Two NKU Building Projects Would Benefit from Beshear Budget Proposal
Two capital projects at Northern Kentucky University would benefit in Governor Andy Beshear's two-year budget proposal announced Monday.
The governor said that his proposal represents the highest funding increase for higher education in Kentucky in decades, a nearly 12 percent increase.
He said that around $250 million had been cut from the general fund to the detriment of eight state universities and the community college system from 2008 to 2020.
“Past budget cuts have led to tuition increases and cutbacks,” Beshear said. “Restoring a significant share of past budget cuts will better position these institutions to graduate the world-class thinkers that our world-class companies and opportunities demand.”
Part of his proposal includes funding through agency bonds and third-party donations, construction of nineteen new university capital projects.
Among them are the expansion of the Herrmann Science Center and the second phase of renovations to the Fine Arts Building at NKU.
According to Beshear's announcement, the Science Center project would benefit from nearly $80 million in agency bonds for its expansion, while the Fine Arts Building would benefit from $45 million in agency bonds.
Another top priority for postsecondary education, according to the governor's budget, is paying down the debt of deferred maintenance for nine postsecondary institutions.
“We can’t let our schools crumble,” said Beshear. “My budget includes $500 million from the general fund, the first significant funding for this in twenty years.”
The governor’s budget also includes $60 million for the Bucks for Brains program to be matched dollar-for-dollar with private donations. Bucks for Brains helps the state support the economy by aligning postsecondary education with emerging needs of business and industry. These funds also help students prepare for employment and nurture an entrepreneurial climate, an announcement said.
Beshear's proposal also increases the maximum award aid programs, the College Access Program (CAP) and the Kentucky Tuition Grant program to assist students in need.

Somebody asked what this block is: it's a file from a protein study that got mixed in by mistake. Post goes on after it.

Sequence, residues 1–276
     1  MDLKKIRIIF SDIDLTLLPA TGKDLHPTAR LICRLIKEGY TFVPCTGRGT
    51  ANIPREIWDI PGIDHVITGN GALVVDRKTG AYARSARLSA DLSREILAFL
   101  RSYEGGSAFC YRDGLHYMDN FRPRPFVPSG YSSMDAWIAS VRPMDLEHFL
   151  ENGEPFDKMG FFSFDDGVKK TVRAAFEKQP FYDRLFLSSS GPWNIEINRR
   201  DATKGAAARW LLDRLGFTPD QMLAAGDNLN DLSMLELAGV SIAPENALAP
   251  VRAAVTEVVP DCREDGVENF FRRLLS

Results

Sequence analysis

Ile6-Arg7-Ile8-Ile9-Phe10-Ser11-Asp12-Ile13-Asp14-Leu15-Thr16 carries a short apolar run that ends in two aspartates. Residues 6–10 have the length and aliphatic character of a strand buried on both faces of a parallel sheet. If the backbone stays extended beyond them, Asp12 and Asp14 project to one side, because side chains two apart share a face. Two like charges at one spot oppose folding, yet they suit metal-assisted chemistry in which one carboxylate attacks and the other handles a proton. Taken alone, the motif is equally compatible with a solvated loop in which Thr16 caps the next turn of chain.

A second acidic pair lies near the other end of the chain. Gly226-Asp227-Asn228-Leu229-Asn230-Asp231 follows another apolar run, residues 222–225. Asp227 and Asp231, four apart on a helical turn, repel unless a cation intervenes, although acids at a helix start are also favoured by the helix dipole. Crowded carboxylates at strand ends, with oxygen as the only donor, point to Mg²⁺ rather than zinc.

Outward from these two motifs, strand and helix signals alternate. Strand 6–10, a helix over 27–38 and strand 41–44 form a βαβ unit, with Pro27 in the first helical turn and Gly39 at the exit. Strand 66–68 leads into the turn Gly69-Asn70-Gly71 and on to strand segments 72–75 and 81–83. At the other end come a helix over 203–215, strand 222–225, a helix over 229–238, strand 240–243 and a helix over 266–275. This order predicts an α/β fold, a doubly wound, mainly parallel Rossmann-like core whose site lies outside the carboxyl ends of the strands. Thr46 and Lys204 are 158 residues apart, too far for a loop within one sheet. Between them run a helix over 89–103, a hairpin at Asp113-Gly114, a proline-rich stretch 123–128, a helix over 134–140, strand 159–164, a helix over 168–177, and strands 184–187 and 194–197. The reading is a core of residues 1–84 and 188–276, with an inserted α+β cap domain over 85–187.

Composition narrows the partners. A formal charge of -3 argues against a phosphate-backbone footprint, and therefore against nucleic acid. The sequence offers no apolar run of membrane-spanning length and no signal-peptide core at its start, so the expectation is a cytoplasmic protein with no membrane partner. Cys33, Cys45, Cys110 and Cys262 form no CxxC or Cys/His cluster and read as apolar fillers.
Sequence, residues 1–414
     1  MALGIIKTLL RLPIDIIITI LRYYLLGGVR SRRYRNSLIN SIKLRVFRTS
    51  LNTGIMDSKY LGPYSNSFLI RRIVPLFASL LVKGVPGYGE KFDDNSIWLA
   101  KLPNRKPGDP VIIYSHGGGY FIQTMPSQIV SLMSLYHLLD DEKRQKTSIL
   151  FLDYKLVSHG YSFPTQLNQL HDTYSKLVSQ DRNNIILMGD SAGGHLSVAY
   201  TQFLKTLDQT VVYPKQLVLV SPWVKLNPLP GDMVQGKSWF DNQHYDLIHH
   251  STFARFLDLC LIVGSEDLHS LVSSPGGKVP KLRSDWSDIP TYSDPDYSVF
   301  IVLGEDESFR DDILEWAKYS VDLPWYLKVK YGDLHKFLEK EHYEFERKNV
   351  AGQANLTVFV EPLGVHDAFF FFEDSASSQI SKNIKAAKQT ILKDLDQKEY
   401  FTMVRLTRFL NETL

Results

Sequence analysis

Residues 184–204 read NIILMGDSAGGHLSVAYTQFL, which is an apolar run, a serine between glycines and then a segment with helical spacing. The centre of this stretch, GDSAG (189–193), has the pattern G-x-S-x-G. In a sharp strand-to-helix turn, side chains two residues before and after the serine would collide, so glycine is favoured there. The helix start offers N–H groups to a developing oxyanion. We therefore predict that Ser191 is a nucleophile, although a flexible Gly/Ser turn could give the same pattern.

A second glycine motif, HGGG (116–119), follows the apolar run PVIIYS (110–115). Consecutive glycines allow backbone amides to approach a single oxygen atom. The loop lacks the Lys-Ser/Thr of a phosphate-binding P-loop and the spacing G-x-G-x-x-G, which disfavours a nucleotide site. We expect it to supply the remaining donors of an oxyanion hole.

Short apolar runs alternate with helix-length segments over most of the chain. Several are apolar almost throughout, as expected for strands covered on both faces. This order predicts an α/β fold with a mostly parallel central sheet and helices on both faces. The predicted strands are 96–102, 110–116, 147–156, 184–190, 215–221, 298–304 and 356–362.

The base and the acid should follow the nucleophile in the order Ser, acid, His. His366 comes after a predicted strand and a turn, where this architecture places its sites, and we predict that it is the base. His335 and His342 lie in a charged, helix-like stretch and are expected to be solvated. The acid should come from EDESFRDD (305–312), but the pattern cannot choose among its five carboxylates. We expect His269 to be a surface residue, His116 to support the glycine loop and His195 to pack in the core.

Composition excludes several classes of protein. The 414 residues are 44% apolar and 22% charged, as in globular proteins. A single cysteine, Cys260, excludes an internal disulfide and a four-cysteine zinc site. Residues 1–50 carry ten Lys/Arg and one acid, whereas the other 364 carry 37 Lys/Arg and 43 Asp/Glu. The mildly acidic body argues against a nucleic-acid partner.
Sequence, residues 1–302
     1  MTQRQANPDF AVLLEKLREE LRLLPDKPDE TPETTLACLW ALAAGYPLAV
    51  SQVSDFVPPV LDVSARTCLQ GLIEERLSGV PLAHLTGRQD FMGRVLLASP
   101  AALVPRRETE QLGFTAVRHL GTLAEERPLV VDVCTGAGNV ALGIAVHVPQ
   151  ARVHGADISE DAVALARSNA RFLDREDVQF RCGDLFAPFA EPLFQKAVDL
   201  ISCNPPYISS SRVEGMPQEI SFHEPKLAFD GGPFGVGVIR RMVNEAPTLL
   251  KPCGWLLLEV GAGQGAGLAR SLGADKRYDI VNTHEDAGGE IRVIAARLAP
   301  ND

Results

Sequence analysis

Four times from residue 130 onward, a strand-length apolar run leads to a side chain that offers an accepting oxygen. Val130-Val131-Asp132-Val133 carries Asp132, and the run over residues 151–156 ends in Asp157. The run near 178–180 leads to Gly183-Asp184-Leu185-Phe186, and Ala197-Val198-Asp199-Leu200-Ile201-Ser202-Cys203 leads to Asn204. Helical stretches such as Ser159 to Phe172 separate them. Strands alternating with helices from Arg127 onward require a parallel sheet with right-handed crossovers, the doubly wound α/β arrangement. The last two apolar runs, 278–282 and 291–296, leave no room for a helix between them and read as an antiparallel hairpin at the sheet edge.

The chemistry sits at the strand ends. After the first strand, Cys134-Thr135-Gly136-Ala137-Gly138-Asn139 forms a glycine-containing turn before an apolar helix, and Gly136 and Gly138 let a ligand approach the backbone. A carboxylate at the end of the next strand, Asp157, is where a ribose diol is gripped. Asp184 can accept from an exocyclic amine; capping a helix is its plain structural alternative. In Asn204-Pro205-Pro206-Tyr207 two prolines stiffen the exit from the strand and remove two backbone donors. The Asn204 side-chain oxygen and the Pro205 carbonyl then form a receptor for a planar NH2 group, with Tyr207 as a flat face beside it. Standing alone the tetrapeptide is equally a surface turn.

Both of these programs have benefitted from the dedication and growth of Kentucky Lottery receipts in the past several years, an announcement said. By leveraging federal Pell Grant dollars, the CAP program now covers full-time tuition and fees at KCTCS and nearly covers the average tuition and fees at four-year institutions, Beshear said.
With additional general fund dollars, the governor is increasing the maximum CAP award to $3,100 and $3,300 in fiscal years 2023 and 2024, while continuing to fund all eligible applicants.
The governor also announced a new program – the Better Kentucky Promise Scholarship – which he said fills the gap between tuition and federal and other state aid for all new associate degree and certificate-seeking students at public universities and private, nonprofit Kentucky institutions.
“What this means is we can fully cover the cost for approximately 6,000 additional students in the first year and 9,700 in the second year,” Beshear said. “We are removing another barrier to higher education for those students that want to go to school but could not afford it.”
“These investments in higher education are truly significant contributions to better the lives of Kentucky’s people, who will help power historic progress in the state’s workforce and post-pandemic economy,” said Kentucky Council on Postsecondary Education President Aaron Thompson. “Now is the time to make strategic investments to provide greater opportunities to our citizens, regardless of where they are in the education pipeline. Gov. Beshear, we stand ready to do our part to fulfill Kentucky’s vision – to lift up our citizens through affordable and accessible higher education programs, including high-demand, workforce credentials, two- and four-year degrees, and beyond. It’s a simple truth: We can’t have a strong workforce and economy without a strong higher education system. Thank you, Governor.”
“We are in a transformative time. Whether we are referring to COVID or our economic boom, its clear things will be different going forward,” Beshear said. “A transformative time demands a transformative budget.”
Photo: Herrmann Science Center (via NKU)